|Quaestors||Gheorghe Albu||PD-L||December 2008|
|Nicolae Bănicioiu||PSD||December 2008|
|Dan Motreanu||PNL + PC||December 2008|
|Dénes Seres||UDMR||September 2009|
Committees of the Chamber
Standing committees and current leadership are listed below.
|Committee for Economic Policy, Reform, and Privatization||Horia Grama||PSD||17 Feb. 2015|
|Committee for Budget, Finance, and, Banks||Viorel Ștefan||PSD||17 Sep. 2014|
|Committee for Industries and Services||Iulian Iancu||PSD|
|Committee for Industries and Services||Iulian Iancu||PSD|
|Committee for Transport and Infrastructure||Mihai Lupu||PNL||10 Feb. 2014|
|Committee for Agriculture, Forestry, Food Industry and Specific Services||Nini Săpunaru||PNL||9 Sep. 2010|
|Committee for Human Rights, Cults and National Minorities Issues||Nicolae Păun||Minorities|
|Committee for Public Administration and Territorial Planning||Marin Almăjanu||PNL|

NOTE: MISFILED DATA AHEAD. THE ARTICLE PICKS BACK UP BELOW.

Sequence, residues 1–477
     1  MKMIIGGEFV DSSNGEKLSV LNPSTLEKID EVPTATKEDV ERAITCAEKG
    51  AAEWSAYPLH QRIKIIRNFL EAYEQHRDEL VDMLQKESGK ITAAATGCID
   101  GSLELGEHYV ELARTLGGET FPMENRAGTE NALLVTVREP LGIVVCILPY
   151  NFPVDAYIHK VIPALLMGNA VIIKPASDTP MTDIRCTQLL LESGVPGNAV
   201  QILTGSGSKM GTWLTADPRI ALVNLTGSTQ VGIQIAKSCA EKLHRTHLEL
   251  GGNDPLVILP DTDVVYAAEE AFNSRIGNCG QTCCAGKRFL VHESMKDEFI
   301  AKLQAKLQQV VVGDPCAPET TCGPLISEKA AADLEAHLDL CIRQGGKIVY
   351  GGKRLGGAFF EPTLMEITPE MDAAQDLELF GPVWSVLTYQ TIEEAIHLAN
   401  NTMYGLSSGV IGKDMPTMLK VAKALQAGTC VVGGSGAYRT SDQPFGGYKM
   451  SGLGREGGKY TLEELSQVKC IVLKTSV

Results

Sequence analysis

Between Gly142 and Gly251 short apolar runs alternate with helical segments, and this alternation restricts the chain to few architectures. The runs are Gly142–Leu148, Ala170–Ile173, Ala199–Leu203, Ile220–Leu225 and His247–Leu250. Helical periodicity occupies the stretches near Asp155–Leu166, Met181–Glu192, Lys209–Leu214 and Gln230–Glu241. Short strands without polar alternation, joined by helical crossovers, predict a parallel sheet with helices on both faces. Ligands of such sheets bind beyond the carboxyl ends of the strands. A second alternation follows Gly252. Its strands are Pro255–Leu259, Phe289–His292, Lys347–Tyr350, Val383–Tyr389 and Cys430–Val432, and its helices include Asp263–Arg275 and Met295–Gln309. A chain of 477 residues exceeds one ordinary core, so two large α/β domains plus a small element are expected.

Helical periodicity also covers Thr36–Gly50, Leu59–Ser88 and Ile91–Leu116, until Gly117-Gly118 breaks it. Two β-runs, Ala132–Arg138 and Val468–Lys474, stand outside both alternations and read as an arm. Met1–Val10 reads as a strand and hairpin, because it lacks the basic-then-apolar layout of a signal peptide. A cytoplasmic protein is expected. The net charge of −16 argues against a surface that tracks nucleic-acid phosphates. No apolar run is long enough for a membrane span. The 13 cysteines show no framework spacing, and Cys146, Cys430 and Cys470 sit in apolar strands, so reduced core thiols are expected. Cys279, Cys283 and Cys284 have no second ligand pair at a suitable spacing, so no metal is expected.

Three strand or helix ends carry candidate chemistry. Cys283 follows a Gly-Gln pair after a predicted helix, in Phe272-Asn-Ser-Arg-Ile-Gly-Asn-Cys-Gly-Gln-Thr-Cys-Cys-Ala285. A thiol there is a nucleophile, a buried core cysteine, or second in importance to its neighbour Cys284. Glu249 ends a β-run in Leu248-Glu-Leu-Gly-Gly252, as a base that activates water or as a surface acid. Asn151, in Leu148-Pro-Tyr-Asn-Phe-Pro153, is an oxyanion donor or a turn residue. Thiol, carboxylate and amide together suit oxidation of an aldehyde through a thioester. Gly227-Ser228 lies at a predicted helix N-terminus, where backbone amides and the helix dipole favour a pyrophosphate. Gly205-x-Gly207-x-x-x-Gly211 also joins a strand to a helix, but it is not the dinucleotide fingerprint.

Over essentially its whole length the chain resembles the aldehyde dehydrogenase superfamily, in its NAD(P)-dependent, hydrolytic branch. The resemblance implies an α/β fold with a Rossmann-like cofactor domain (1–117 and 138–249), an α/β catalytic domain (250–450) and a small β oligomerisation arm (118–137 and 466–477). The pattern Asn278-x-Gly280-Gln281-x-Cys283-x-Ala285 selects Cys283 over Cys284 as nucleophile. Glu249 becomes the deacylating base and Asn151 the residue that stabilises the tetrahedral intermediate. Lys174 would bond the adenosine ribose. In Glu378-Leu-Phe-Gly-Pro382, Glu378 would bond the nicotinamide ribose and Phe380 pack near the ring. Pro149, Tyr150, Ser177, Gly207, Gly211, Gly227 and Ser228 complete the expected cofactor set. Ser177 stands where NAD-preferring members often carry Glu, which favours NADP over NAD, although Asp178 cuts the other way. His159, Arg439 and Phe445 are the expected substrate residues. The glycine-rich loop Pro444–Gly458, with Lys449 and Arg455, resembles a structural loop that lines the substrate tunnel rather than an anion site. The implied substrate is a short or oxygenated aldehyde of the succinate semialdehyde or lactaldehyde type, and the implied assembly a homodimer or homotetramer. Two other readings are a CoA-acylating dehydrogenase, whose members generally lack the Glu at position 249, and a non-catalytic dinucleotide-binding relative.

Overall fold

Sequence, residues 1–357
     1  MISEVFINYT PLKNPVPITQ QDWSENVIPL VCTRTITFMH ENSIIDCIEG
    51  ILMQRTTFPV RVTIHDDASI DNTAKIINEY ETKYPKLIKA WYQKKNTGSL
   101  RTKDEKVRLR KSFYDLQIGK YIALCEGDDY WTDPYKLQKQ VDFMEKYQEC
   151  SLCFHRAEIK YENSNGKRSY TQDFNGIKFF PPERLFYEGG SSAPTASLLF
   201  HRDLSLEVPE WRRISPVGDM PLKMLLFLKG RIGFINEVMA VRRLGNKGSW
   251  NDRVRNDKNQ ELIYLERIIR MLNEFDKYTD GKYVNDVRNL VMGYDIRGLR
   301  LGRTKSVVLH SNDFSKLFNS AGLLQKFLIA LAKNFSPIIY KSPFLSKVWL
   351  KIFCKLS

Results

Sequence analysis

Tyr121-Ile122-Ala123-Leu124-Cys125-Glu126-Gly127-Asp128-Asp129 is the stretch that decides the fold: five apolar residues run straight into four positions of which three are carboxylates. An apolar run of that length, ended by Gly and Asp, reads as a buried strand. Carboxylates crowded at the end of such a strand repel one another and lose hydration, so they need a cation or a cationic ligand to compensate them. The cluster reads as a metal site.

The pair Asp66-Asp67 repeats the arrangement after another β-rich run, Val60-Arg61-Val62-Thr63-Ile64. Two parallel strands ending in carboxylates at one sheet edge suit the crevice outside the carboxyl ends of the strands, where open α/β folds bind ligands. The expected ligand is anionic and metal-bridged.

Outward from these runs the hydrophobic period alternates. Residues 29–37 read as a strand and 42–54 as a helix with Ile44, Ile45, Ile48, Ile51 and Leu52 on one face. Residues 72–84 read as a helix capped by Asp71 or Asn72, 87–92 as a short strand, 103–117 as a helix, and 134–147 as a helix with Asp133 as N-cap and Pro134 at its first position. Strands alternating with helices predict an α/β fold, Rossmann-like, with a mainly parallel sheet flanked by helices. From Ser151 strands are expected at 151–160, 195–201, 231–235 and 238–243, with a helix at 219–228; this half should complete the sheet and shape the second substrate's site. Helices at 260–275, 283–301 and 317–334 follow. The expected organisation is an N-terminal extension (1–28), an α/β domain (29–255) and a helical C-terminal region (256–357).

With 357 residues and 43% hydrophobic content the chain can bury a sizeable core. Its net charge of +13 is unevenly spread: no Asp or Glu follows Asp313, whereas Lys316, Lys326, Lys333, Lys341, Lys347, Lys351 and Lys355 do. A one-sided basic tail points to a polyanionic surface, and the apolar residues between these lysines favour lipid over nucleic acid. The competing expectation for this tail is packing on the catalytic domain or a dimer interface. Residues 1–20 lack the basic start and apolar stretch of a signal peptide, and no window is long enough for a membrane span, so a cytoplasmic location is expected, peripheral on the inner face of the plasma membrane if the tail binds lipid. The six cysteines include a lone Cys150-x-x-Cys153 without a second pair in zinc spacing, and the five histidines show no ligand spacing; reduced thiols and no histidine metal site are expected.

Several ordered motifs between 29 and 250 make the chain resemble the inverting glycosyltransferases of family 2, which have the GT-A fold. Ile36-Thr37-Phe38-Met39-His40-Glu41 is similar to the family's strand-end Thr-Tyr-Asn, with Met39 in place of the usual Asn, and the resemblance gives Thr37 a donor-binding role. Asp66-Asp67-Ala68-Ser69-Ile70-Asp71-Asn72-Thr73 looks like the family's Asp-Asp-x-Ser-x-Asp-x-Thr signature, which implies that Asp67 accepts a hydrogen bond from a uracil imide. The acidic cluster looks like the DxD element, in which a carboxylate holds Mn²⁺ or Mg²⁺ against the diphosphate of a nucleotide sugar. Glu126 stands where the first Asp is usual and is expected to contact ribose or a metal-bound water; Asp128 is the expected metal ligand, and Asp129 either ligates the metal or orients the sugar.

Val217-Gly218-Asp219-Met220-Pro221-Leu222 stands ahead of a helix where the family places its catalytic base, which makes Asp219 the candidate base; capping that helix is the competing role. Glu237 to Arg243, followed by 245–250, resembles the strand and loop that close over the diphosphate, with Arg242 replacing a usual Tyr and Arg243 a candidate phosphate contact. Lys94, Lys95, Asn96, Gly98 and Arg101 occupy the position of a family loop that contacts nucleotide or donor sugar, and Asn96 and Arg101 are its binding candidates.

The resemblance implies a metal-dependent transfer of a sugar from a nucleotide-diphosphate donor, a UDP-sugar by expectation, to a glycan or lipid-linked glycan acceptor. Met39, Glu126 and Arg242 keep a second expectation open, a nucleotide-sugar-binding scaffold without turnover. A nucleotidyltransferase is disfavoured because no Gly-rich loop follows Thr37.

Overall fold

|Environment and Ecological Balance||Carmen Moldovan||PSD||5 Feb. 2014|
|Committee for Labour and Social Protection||Adrian Solomon||PSD||17 Feb. 2015|
|Committee for Health and Family||Florin-Corneliu Buicu||PSD||17 Feb. 2015|
|Committee for Education, Science, Youth, and Sport||Adrian-Nicolae Diaconu||PSD||3 Mar. 2015|
|Committee for Culture, Arts, Mass Information Means||Gigel-Sorinel Știrbu||PNL||4 Mar. 2014|
|Committee for Legal Matters, Discipline, and Immunities||Liviu-Bogdan Ciucă||PC-PLR|
|Committee for Defense, Public Order, and National Security||Ion Mocioalcă||PSD|
|Committee for Foreign Policy||László Borbély||UDMR|
|Committee for the Investigation of Abuses, Corrupt Practices, and for Petitions||Mircea Man||PNL||3 Apr. 2013|
|Committee for Standing Orders||Gheorghe Emacu||PSD||27 Dec. 2013|